But is all this good? How is the country better off?
“One, there are more opportunities for more people.
“Two, there is more social concern for the poor, the elderly, the sick, the blacks—even the Indians. You didn’t hear about the plight of the Indians thirty years ago.
“Third, there is a better educational structure—although I’m concerned by the fact that there is less writing and less reading. But the pendulum is swinging back. What’s more important is that now 25 to 30 per cent of our people go to college. Why, my mother and father would have given anything to be able to go to college.
“Fourth, there is much better medical care.
“I have to say also that America is restless, anxious for improvement. That makes us indulge in self-criticism it. Compels us to do something about our faults—not as fast as Hubert Humphrey wants, of course. But there’s a good generation coming up. It has a sense of stewardship and conservation.
“On the negative side, we do lack self-discipline. We’re a little irresponsible. We don’t appreciate the value of so much we got so fast. Our great cities have been allowed to deteriorate not only physically but they’ve deteriorated in terms of the social and physical environment. That’s bad, because cities ought to be the epitomes of civilization. One could sense a disappointment that there had never been a Marshall Plan for the cities because there had never been a President Humphrey to launch one. On the other hand, the countryside is better for living than it ever was. That’s where the community colleges are springing up, the new art galleries and theaters. That’s where the cultural boom is taking place. And America has boomed culturally. Since 1950, we’ve left the Stone Age.”
Humphrey was particularly proud of one of his contributions: “I have engaged and interested a large number of young people to enter public life, especially in Minnesota.” That was true. One of them, Orville Freeman, became Governor of Minnesota and Secretary of Agriculture. Another was Eugene McCarthy. A third, Walter F. Mondale, became Vice President of the United States. He had been a Humphrey disciple since he was eighteen years of age.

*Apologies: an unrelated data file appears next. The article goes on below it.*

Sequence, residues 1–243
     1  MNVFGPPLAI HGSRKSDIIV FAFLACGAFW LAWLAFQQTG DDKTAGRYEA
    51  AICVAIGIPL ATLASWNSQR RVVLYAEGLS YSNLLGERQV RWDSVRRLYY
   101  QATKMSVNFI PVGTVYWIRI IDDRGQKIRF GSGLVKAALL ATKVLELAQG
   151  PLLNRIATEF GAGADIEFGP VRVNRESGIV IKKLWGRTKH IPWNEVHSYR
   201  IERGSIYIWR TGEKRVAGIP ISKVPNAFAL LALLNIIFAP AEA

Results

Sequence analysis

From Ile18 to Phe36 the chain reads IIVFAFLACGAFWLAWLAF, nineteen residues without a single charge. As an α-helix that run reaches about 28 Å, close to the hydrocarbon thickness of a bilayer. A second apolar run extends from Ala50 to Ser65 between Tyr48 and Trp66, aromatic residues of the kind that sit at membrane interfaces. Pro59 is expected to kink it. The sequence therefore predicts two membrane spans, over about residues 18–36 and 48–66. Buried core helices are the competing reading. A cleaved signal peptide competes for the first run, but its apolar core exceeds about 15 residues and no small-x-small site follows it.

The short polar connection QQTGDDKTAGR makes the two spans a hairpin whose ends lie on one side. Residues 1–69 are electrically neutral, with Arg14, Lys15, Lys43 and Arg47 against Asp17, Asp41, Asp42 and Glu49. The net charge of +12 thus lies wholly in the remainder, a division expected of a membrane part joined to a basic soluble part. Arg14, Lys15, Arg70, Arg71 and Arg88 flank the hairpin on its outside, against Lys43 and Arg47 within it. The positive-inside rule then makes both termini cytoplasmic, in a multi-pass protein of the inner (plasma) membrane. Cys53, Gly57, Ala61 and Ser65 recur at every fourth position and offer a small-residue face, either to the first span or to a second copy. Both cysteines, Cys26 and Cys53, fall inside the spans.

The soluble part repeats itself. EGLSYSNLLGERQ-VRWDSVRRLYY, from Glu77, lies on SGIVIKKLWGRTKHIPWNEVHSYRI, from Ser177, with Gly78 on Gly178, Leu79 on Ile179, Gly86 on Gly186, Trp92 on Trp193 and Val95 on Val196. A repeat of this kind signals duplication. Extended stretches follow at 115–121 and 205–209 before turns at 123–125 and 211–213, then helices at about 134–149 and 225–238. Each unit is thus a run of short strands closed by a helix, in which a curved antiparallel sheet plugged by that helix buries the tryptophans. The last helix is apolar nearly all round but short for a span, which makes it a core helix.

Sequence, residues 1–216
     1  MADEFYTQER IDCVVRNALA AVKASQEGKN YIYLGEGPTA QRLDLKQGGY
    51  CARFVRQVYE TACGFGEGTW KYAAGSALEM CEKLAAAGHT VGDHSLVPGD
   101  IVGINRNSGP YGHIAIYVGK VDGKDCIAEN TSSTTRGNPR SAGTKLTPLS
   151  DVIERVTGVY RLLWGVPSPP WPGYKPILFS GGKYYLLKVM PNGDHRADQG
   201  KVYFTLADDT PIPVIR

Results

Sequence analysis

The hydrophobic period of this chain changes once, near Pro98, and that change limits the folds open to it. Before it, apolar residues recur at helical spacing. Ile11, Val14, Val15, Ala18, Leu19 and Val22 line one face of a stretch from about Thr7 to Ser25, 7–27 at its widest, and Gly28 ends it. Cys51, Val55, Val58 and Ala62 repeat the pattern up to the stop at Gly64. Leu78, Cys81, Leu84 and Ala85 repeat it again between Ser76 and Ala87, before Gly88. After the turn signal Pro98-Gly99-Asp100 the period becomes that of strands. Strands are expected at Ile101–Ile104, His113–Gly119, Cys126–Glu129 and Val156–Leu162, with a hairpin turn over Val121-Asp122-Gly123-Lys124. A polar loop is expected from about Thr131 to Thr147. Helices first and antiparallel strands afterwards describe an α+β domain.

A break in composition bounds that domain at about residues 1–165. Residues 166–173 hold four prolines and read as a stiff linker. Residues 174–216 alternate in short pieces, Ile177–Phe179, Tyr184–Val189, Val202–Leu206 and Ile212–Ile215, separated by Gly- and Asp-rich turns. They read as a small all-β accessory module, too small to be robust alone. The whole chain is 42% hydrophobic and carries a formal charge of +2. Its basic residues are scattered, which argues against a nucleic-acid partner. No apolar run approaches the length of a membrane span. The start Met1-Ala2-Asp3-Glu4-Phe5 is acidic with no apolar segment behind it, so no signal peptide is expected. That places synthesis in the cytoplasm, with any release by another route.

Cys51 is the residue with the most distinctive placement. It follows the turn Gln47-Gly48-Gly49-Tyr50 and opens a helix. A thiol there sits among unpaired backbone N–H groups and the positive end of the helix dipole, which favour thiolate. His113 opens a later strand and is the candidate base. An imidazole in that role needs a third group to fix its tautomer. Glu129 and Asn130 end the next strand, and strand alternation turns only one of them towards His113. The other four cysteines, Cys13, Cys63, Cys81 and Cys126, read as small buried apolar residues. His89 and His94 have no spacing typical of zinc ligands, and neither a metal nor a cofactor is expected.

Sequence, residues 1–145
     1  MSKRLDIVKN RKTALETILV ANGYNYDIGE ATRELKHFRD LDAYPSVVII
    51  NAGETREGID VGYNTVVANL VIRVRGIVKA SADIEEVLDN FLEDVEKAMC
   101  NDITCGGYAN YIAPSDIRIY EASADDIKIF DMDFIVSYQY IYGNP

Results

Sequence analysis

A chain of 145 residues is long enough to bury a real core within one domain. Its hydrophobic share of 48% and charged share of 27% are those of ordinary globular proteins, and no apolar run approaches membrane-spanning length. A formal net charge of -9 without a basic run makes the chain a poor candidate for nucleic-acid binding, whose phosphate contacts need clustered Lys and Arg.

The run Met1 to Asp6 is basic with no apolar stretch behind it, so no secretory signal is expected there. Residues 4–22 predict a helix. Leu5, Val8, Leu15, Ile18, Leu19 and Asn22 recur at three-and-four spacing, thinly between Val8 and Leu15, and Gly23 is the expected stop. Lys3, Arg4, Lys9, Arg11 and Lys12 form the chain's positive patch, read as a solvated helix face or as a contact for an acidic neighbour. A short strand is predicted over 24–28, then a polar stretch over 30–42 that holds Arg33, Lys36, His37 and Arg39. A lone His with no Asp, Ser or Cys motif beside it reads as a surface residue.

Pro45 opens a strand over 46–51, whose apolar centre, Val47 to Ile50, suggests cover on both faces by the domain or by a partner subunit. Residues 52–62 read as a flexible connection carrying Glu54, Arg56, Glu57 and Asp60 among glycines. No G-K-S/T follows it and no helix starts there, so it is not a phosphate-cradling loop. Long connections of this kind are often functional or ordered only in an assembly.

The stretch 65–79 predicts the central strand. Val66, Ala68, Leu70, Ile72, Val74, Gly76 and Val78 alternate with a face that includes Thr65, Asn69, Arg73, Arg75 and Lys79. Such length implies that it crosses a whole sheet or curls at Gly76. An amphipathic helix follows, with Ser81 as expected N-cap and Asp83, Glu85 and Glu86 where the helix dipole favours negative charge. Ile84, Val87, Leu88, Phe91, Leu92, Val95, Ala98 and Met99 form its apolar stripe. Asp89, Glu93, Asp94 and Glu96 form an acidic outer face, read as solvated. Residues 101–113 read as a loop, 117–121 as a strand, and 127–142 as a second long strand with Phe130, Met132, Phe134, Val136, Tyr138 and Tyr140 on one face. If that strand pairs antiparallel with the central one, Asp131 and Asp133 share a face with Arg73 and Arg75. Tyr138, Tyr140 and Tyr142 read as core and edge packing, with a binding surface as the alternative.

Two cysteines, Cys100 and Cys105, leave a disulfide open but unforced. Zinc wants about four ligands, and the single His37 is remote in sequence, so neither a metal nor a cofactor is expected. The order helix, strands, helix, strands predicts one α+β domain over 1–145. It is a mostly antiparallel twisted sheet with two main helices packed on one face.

“What can you say?” Mondale asked in reviewing Humphrey’s role in the many changes that had come to the nation since 1948. “With any other public figure, you hit upon one subject, analyze what he did, and that’s it. There just isn’t anyone else whose involvement was so total, whose record touches just about everything that has happened in this country over the past thirty years.”
Humphrey came closest to describing his own meaning to America when he referred to himself as a “born optimist.” That is what made him so special and so durable.
Ted Van Dyk understands this: “People look at Humphrey and think to themselves that maybe man really can overcome almost any obstacle. They see Humphrey stabbed in the back one day and embracing the one who stabbed him a week later.”
Van Dyk was in Vice President Humphrey’s office one day in 1966 when Franklin D. Roosevelt, Jr., called. Roosevelt had gone to West Virginia in 1960 to campaign against Humphrey and for Jack Kennedy in the Democratic presidential primary. Fair enough. But FDR, Jr., has been less than fair in his speeches, accusing Humphrey-falsely-of having been a World War II draft dodger. The charge did not defeat Humphrey, but it hurt him deeply and contributed to the lopsidedness of his loss. His presidential campaign never recovered. Now Roosevelt was telling Humphrey that he feared President Johnson was going to oust him from his post in the administration. He wanted Humphrey to intervene with Johnson and save his job!
Van Dyk listened to Humphrey’s end of the conversation. “I was hoping to hear Humphrey really give that son-of-a-bitch the kind of dressing down he had coming to him.” Van Dyk could hear Roosevelt wind up his plea by saying, “You’ve got to save me.”
Humphrey replied, “I’ll go to bat for you, Frank,” and hung up the phone.
“What the hell…,” Van Dyk began. Then he shrugged.
“After all he’s done for me,” said Humphrey, “it’s the least I can do.”
For years, he represented the nation’s hopefulness, unalloyed. Millions of people sensed that Humphrey was living proof that it was possible in a cutthroat world to think the best of everyone and everything-and still survive. During the period of his realistic eligibility for the Presidency, the American people chose John F. Kennedy, plainly a tougher politician, one with the instinct for the jugular that Humphrey lacked; Lyndon Johnson, more calculating, more devious; Richard Nixon, whose attitude toward “enemies” real and imagined was thoroughly documented during the Watergate years; and Jimmy Carter, whose single-mindedness and ambition led him past better-known opponents to the Presidency.
With one or more of these traits, Hubert Humphrey might have become President of the United States.
He did not become President. What he did become, through his indomitably optimistic spirit and the astonishing legislative record that he compiled, was a unique national resource.